Adamson believes it’s important for the kids to not only “give back” to the community but also to get something out of the experience. In addition to Neshaminy Manor, CSF teens work at organizations ranging from nature centers and community parks to camps and equestrian ranches for people with disabilities. They plant trees, help build houses for Habitat for Humanity and sort toys for Toys for Tots. Adamson admits that people often are skeptical when first contacted about working with “at-risk youth”; however, they warm up quickly once the group starts working. And the activities provide the kids with “a sense of accomplishment at the end of the day,” he says. “They feel like they’ve accomplished something meaningful, rather then picking up cigarette butts by the side of the road.”
The program has evolved since it began 12 years ago. It used to take a more punitive approach, and tasks like cleaning up garbage were the norm. “We learned over the years that all that was really doing was making the kids more and more angry, more and more resentful of the system,” says CSF community service coordinator Jerry Bradley. The restorative approach implemented in recent years has brought vastly different results. “We’ve actually had kids finish our program and volunteer to come back, just to do community service,” Bradley says. “They actually get a sense that they really accomplished something, that they’ve done something that really helped somebody.”
Bright and early on Saturday mornings, counselors start off by gathering the teens in a circle to “break the ice” for those new to the program and prepare the kids for the day’s activities. They also go over a list of rules: smoking, cursing and complaining are prohibited, while respect for self and others is encouraged. “We have a very high level of expectation of behavior when we go out anywhere,” Adamson notes. Counselors encourage the kids to hold each other accountable. After working for several hours at the service site, the teens reconvene in a circle to process how the day has gone, “grade” themselves and each other and address any problems. By this time, kids who started the day scared, grumpy or withdrawn are laughing, talking and interacting with the group.
The program benefits not only the teens but also the community. “We’re very thankful for this organization, because we really get a lot of things done,” says Diane Sears, coordinator of volunteers for the Churchville Nature Center, where CSF teens have worked for the past eight years. “I think it’s one of the best groups we’ve ever had. They’re dependable, well-organized; the kids show great respect for the counselors…We’ve never had any problems.”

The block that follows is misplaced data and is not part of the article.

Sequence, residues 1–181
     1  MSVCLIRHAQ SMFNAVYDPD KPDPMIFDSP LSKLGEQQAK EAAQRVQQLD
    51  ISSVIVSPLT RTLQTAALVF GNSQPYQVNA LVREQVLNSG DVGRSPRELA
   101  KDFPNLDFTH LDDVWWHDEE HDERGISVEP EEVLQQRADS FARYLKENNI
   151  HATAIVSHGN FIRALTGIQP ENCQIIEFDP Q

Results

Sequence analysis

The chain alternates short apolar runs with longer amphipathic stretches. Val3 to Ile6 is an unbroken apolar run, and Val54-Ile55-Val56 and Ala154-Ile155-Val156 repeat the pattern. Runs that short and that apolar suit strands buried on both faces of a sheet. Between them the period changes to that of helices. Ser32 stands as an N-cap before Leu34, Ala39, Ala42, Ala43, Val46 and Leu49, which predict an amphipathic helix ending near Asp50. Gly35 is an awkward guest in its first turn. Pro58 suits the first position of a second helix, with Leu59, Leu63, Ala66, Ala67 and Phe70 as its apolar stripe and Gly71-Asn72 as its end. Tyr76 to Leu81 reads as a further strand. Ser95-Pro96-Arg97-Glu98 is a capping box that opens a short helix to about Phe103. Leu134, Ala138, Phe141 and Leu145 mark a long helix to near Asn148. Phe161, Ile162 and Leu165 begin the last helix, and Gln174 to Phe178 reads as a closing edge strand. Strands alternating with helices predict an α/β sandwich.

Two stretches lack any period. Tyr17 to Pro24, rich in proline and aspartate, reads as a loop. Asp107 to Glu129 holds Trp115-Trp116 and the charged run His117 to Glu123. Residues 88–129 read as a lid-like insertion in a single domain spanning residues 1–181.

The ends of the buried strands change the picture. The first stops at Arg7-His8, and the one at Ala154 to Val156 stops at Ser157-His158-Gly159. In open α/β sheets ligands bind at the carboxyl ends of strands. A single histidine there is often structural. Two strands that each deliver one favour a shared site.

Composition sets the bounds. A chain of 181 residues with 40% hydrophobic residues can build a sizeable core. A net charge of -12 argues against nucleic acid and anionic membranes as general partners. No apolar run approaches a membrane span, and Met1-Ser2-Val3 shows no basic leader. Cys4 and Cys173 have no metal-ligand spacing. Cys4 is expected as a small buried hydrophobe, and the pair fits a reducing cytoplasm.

The teens help with mass mailings of the center’s newsletter, work in gardens and wetlands (“They’re not afraid to get down and get dirty,” Sears notes), and run children’s games at the center’s annual pumpkin festival, its biggest fundraiser. “Financially, it’s a big, big help,” Sears says. “If we had to pay people to come out to do the work they’re doing, it would break the bank.” But beyond dollars and cents, she is pleased to provide an opportunity for kids who “just need a little bit of direction.”
There is little doubt that CSF’s community service program helps kids to “do good.” Andrew, a 17-year-old who has completed 50 hours of service, credits the program and CSF with giving him a new direction. “From the point where I got in trouble to now, it’s been 100 percent improvement,” says the teen, explaining that he has become “more responsible” and learned to get along better with his family. “CSF has really helped me…If I was going the way I was going before I got in trouble, I probably would have screwed up big-time.” Now determined to avoid the “bad cycle” associated with behaviors such as smoking marijuana and drinking, Andrew is looking forward to entering college or the military and working with computers.
Even Sara, a community service veteran who admits she had “an attitude problem” when she entered the program nearly three years ago at 15, says she has “grown up” a lot and is now more “willing to do stuff.” She also has felt good about activities such as preparing food at a homeless shelter. “Doing something for somebody else—I like that,” she says. “It makes me feel better.”
The teens say they benefit from their interaction with each other, as well as with the CSF staff. Seventeen-year-old Corey also has experienced an attitude change during his seven months in the program, thanks in part to the positive relationships he has formed with CSF counselors. “When I first came in here, I had an ‘F-you’ attitude,” he says. “Now, I’m real good friends with all the staff.”
Corey also takes some satisfaction in his service projects; his favorite was at the Churchville Nature Center, where he helped to construct a garden. “I can go there and be like, ‘I made that!’” he says. And though he “hated” the program when he first entered it, Corey now figures he might as well make the best of it. Besides, he says, “It really makes you feel good at the end of the day.”